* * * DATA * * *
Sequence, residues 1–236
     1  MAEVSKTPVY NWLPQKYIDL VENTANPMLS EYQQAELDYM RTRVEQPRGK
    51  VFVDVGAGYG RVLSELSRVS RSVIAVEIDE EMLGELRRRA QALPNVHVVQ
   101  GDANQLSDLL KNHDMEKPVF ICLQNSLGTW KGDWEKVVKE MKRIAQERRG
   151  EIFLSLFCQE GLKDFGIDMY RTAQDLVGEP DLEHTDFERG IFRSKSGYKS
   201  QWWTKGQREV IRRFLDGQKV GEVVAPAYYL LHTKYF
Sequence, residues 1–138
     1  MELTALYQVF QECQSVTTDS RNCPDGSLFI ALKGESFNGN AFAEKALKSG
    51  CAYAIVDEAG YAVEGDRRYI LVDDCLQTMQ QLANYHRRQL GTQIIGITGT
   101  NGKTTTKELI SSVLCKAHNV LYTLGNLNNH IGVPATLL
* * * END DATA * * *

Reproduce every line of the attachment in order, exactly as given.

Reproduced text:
Sequence, residues 1–236
     1  MAEVSKTPVY NWLPQKYIDL VENTANPMLS EYQQAELDYM RTRVEQPRGK
    51  VFVDVGAGYG RVLSELSRVS RSVIAVEIDE EMLGELRRRA QALPNVHVVQ
   101  GDANQLSDLL KNHDMEKPVF ICLQNSLGTW KGDWEKVVKE MKRIAQERRG
   151  EIFLSLFCQE GLKDFGIDMY RTAQDLVGEP DLEHTDFERG IFRSKSGYKS
   201  QWWTKGQREV IRRFLDGQKV GEVVAPAYYL LHTKYF
Sequence, residues 1–138
     1  MELTALYQVF QECQSVTTDS RNCPDGSLFI ALKGESFNGN AFAEKALKSG
    51  CAYAIVDEAG YAVEGDRRYI LVDDCLQTMQ QLANYHRRQL GTQIIGITGT
   101  NGKTTTKELI SSVLCKAHNV LYTLGNLNNH IGVPATLL